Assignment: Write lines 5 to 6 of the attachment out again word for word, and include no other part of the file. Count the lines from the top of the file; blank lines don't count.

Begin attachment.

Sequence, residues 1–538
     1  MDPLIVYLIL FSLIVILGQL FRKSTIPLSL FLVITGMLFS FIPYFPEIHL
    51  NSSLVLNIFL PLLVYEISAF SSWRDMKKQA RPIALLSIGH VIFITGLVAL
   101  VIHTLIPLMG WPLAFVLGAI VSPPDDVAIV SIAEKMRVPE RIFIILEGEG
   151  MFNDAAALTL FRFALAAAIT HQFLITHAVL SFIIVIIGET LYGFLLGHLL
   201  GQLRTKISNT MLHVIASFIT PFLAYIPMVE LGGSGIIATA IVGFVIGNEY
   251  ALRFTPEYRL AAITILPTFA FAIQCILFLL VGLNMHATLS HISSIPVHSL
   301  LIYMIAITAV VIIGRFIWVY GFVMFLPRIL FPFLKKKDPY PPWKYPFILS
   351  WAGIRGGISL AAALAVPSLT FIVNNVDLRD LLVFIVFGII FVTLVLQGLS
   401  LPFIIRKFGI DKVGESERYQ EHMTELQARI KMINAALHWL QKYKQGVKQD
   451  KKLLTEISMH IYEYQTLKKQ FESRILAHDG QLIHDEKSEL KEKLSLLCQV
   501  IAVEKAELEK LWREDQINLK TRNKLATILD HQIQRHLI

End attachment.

   151  MFNDAAALTL FRFALAAAIT HQFLITHAVL SFIIVIIGET LYGFLLGHLL
   201  GQLRTKISNT MLHVIASFIT PFLAYIPMVE LGGSGIIATA IVGFVIGNEY